# Acceleration Problem

## Homework Statement

car accelerates from rest at a constant rate of 2.0 m/s^2 for 6.6 s.
(a) What is the speed of the car at the end of that time?
m/s

(b) How far does the car travel in this time?
m

## Homework Equations

Acceleration=change in speed/time

## The Attempt at a Solution

I did 2m/s^2=speed/6.6second for part a

and for part b, and just multiple 6.6 times 2 and got13.2

Related Introductory Physics Homework Help News on Phys.org
$2 = \dfrac{v}{6.6}$ (where $v$ is the speed of the car at the end of that time) is the correct equation to find the answer to part (a) but isn't the answer to part (a). Do you see the difference?

To find the answer to part (b), the correct constant acceleration equation is $s = v_0 t + \frac{1}{2}at^2$ where $s$ is the displacement of car (what you were asked to find), $v_0$ is the initial speed of the car, $a$ is the acceleration of the car, and $t$ is the elapsed time.

The phrase "at rest" implies $v_0 = 0$, reducing the equation to $s = \frac{1}{2}at^2$.

From here, it is a matter of correctly evaluating the equation for the appropriate values of $a$ and $t$.

As PhanthomJay suggested, you should learn the constant acceleration equations (including and especially how they are derived).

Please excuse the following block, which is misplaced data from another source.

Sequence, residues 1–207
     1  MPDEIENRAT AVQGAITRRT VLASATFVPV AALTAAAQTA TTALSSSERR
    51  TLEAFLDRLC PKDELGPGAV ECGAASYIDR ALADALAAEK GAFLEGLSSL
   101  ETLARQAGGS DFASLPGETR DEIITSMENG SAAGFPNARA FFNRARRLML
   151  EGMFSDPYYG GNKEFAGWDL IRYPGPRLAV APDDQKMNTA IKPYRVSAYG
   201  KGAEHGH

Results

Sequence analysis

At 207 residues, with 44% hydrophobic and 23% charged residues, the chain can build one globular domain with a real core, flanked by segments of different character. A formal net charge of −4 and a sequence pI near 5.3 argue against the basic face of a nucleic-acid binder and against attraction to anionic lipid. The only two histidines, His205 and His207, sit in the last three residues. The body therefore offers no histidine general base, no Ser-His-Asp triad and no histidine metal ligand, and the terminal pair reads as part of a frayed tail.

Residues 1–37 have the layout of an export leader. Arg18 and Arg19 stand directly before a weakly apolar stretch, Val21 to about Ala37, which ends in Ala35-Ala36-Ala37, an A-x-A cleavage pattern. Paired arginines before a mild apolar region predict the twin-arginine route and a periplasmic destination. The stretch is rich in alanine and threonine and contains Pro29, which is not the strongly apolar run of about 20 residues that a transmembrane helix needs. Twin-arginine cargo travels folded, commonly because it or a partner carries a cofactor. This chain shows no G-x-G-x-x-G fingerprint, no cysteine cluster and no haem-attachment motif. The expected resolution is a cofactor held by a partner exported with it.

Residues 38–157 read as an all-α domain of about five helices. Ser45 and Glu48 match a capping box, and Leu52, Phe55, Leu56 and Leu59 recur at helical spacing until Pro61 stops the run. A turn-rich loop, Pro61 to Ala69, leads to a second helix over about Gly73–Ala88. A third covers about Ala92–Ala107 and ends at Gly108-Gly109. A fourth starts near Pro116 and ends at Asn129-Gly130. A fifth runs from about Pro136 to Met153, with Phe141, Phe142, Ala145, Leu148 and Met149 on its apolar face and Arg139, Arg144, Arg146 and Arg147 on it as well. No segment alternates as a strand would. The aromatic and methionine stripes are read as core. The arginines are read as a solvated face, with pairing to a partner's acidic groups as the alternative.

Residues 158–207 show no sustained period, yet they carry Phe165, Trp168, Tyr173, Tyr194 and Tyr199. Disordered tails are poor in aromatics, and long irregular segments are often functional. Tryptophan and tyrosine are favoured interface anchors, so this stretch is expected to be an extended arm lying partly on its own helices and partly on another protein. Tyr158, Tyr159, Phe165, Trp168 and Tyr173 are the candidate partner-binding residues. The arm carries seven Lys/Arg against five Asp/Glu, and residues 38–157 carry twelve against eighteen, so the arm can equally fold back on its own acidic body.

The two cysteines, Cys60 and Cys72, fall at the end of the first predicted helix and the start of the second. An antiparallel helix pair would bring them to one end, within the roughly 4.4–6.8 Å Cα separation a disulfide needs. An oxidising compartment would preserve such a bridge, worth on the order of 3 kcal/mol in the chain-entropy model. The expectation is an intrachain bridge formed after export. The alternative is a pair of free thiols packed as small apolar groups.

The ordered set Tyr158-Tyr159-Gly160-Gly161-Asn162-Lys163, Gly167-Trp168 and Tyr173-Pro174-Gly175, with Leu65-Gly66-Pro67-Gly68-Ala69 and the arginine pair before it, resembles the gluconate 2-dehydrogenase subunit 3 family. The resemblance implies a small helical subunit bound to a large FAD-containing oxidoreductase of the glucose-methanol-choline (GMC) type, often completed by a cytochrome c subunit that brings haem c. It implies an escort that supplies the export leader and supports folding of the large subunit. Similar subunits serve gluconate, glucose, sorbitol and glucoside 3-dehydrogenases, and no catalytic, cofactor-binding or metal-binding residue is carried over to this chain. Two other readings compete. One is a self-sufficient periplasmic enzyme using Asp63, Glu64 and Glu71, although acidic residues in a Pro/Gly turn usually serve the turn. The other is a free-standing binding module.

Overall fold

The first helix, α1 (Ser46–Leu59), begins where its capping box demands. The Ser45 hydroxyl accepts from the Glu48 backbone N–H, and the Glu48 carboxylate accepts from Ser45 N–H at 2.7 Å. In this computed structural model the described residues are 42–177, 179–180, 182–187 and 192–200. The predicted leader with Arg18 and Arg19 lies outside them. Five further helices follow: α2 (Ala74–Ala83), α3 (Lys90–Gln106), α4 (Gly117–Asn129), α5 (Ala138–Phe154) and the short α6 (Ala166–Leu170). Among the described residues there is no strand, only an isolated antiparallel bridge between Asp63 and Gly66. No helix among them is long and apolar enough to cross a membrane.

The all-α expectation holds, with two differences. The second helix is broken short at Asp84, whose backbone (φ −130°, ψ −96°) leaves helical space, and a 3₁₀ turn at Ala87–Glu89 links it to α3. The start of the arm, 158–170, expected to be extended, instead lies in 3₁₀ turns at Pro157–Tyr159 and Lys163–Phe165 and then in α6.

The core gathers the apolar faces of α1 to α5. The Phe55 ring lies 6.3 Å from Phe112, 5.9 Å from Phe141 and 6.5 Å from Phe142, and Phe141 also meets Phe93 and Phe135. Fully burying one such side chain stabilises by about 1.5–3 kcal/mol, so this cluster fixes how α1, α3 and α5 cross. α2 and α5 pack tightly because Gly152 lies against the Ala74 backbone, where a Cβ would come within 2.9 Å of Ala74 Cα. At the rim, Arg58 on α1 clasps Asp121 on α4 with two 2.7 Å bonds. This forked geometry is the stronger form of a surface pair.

PeterO
Homework Helper

## Homework Statement

car accelerates from rest at a constant rate of 2.0 m/s^2 for 6.6 s.
(a) What is the speed of the car at the end of that time?
m/s

(b) How far does the car travel in this time?
m

## Homework Equations

Acceleration=change in speed/time

## The Attempt at a Solution

I did 2m/s^2=speed/6.6second for part a

and for part b, and just multiple 6.6 times 2 and got13.2
Just wondering if you truly understand the m/s2 unit of acceleration.

The s2 part of the unit can be confusing - especially since it looks like the two s units for seconds is tied together.

Imagine you are the passenger in a car and you carefully watch the speedometer, and note at what rate your speed is building.

You may notice that the speed increases by 5 miles per hour each second - reaching 30 miles per hour in 6 seconds - not uncommon in city traffic.

That represents an acceleration of 5 (miles per hour) per second.
That could be written M/h/s [we wouldn't want to use m for miles as others may think you mean metres]

If the speedometer of the car was calibrated in metres per second [m/s] rather than miles per hour, you may have instead noticed the acceleration was 2 m/s each second, reaching 12 m/s in 6 seconds. [note that 12m/s is not all that different to 30 MPH; just a little slower]

That acceleration is just 2 (m/s)/s.
I used the brackets to remind you that the m and first s are connected in the unit of speed.
Without the brackets, that is written as m/s/s; which following standard mathematical techniques is written as m/s2 [at which point the meaning of the unit of acceleration becomes clouded, unfortunately]

Note: that last line should probably be best written m.s-1.s-1 which is "transcribed" using index notation to m.s-2